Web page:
Grading Teachers, Failing Kids


What would children gain from teachers who have the highest evaluations as measured by the metric that Mayor Rahm Emanuel wants to implement for Chicago’s public school (but not charter school) teachers?  This is precisely what three Columbia and Harvard economists researched in a study that has received wide attention from the media and politicians.  According to the authors’ own interpretation—the sky.  But if you read the study itself—nothing at all.

The study examined the incomes of adults who, as children in the 4th through the 8th grades, had teachers of different “Value Added” scores, with Value Added defined as improvement in the scores of students on standardized tests.  The researchers found that the average wage and salary of a 28 year old who had an excellent teacher was $20,509 in 2010 dollars, $182 higher than the average annual pay of all 28 year olds in the study.

How does this compare to the average salary and wage of a 28 year old in this country? The authors chose not to make the comparison, but we can make it for them.  They excluded from their study people whose income was higher than $100,000. As we shall see, this exclusion is problematic; but to do the comparison we must do the same. The average salary and wage in 2010 of a 28 year old who earned less than $100,000 a year was $29,041, 42% higher than the income of a 28 year old in the Columbia-Harvard study who had an excellent teacher. In other words, even if we accept the spin the authors put on their numbers, having an excellent teacher does not pull people out of poverty.

But tiny as it is, even the gain of $182 a year from having a high “value-added” teacher may not really exist.   First, the exclusion of people with high incomes involved some 4,000 individuals, or 1.2% of the sample. The authors justify it by claiming that such people are outliers. But what if it turned out those high income earners had “bad” teachers? Including them in the study would have completely changed the results. Excluding a large number of the best performers from a study about the effect of teaching seems strange.

But that’s not all.  When the authors examined the incomes of 30 year olds they found no statistically significant result.   Why? In the study the authors explain this by the small number of 30 year olds in their sample.  And in their interviews with the media and in public presentations  the authors do not mention this result at all. Yet the number of 30 year olds in their sample is 61,639, and these are all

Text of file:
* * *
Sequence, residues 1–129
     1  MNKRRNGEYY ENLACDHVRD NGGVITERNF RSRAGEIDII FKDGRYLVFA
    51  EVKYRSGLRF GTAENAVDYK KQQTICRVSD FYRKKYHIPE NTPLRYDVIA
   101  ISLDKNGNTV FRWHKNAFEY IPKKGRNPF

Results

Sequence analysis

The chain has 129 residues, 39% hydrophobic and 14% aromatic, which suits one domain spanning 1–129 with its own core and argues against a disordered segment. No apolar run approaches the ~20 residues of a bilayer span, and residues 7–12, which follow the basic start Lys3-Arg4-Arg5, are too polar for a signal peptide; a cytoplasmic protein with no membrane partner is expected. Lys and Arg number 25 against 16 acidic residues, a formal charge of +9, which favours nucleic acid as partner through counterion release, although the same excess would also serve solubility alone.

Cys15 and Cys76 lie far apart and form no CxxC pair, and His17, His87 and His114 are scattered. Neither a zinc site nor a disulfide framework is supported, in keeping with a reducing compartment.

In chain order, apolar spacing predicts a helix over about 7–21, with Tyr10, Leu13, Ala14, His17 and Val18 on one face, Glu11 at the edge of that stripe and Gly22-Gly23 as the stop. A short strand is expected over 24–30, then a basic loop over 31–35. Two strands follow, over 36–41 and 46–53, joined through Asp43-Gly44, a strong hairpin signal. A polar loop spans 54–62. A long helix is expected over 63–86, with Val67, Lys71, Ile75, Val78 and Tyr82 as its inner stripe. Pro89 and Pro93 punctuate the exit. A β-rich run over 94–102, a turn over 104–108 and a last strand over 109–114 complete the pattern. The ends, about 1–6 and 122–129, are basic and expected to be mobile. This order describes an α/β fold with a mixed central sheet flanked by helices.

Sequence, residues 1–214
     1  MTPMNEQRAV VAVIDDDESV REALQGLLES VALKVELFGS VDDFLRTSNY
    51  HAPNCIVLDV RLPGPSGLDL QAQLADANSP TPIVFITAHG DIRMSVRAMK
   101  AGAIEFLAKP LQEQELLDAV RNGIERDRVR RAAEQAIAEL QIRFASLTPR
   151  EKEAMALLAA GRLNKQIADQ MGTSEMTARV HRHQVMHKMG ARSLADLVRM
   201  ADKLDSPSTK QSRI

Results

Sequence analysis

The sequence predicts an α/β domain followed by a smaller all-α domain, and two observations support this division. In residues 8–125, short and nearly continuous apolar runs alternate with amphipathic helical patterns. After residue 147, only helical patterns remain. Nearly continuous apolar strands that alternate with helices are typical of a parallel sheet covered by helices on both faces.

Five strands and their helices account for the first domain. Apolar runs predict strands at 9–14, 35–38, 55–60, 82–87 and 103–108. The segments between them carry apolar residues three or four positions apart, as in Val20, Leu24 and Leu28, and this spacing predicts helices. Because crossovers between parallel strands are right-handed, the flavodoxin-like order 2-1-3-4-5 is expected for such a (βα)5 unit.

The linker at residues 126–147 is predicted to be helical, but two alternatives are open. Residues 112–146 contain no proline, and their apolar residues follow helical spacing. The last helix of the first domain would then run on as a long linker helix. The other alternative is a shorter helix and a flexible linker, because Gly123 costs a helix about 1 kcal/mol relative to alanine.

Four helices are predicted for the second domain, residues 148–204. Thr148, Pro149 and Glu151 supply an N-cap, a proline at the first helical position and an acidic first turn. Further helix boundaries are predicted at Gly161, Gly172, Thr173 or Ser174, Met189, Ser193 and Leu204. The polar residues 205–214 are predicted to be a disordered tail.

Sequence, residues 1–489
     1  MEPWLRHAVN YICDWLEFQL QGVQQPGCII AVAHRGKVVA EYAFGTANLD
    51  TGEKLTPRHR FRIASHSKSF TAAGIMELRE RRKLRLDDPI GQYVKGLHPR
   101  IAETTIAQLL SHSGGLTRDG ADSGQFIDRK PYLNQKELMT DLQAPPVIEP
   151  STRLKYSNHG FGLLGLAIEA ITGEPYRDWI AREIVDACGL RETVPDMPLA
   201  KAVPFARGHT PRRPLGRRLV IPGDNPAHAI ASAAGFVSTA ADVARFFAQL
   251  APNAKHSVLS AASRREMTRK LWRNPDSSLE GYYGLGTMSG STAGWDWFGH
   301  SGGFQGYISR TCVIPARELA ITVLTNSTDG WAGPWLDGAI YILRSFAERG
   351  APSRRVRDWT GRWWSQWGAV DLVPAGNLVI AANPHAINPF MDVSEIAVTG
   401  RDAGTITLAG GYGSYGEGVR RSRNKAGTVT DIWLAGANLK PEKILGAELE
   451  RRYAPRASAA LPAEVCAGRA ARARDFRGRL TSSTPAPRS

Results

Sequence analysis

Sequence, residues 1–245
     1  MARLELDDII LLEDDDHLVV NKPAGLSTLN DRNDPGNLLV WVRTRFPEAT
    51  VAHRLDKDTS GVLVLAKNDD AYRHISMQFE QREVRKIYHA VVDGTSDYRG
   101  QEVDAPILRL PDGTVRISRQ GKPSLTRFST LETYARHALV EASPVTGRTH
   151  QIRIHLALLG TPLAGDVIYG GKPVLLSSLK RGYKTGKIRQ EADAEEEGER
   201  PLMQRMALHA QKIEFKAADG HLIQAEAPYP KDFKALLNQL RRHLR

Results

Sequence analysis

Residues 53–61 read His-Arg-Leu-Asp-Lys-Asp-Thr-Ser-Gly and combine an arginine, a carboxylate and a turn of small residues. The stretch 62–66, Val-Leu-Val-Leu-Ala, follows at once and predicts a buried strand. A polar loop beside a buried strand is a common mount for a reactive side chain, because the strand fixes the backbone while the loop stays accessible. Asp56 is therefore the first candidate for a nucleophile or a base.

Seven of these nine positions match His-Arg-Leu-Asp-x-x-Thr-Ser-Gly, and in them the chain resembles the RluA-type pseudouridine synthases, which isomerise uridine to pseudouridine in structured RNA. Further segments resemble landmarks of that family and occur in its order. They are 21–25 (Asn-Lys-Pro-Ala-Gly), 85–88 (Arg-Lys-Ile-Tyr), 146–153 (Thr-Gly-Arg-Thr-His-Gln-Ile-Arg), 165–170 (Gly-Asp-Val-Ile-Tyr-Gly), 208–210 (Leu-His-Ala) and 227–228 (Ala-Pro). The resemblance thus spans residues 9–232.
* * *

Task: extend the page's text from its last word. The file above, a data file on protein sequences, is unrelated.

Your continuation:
students who went to school in the same city.  Is this really a small sample? To gain an appreciation for the size of the sample consider the fact that in order to estimate the unemployment rate that it publishes every month, the Bureau of Labor Statistics relies on a national survey of 60,000 households with an average of 1.95 adults in each. Surely if 120,000 people are a good size sample to study a labor force of 150 million people spread all over the country, a sample of 61,639 is a good size sample to study a population of fewer than 5 million elementary school students who all come from the same school system. By any measure the sample size is not only adequate, it is fantastically huge, and the result is not statistically significant.

The statistically insignificant results for 30 year olds may have been inconvenient for the authors for another reason. An increase of $128 a year is small by any standard, so the authors resorted to estimating a lifetime increase in earnings due to this increase. To do this they assumed that the percentage increase in income, 0.9 of one percent, which they estimated for age 28, holds for each year of a person’s working life. And perhaps this is why the authors chose to ignore the results for the 30 year olds. What their findings actually permit them to claim truthfully is that an excellent teacher increases average annual income by $128 at age 28, and that this effect disappears at age 30. But then there would have been nothing to report.

Does teacher quality matter?  Of course it does, and it should, therefore, be evaluated:  by peers, principals, outside experts, students and parents.  But it cannot be measured, and Mayor Emanuel of Chicago knows it.  Why else would the non-union charter schools be exempted from the same measurement?   The evaluation method the mayor wants to implement is nothing more than a union-busting, pro-privatization trick that is based on partisan economics.

Moshe Adler teaches economics at Columbia University and at the Harry Van Arsdale Center for Labor Studies at Empire State College. He is the author of Economics for the Rest of Us: Debunking the Science That Makes Life Dismal (The New Press, 2010),  which is available in paperback and as  an e-book.


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